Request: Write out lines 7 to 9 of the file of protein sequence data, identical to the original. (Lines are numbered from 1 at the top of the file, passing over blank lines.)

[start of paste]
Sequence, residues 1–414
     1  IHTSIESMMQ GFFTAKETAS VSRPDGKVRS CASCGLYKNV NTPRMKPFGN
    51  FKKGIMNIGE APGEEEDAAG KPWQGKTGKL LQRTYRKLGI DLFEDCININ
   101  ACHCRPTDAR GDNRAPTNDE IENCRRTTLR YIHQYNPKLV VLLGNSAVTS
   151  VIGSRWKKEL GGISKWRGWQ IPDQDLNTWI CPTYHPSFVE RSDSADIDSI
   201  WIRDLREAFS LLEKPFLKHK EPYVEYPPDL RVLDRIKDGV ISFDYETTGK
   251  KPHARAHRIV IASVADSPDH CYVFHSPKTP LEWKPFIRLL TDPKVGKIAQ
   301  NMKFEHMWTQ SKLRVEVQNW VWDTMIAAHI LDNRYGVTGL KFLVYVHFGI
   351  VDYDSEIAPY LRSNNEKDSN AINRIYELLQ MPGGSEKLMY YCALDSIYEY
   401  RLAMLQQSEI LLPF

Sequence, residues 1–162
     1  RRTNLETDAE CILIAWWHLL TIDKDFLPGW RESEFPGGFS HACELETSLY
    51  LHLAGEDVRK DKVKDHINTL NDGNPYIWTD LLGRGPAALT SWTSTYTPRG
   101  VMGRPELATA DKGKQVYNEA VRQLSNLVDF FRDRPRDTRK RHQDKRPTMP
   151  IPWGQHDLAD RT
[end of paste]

   251  KPHARAHRIV IASVADSPDH CYVFHSPKTP LEWKPFIRLL TDPKVGKIAQ
   301  NMKFEHMWTQ SKLRVEVQNW VWDTMIAAHI LDNRYGVTGL KFLVYVHFGI
   351  VDYDSEIAPY LRSNNEKDSN AINRIYELLQ MPGGSEKLMY YCALDSIYEY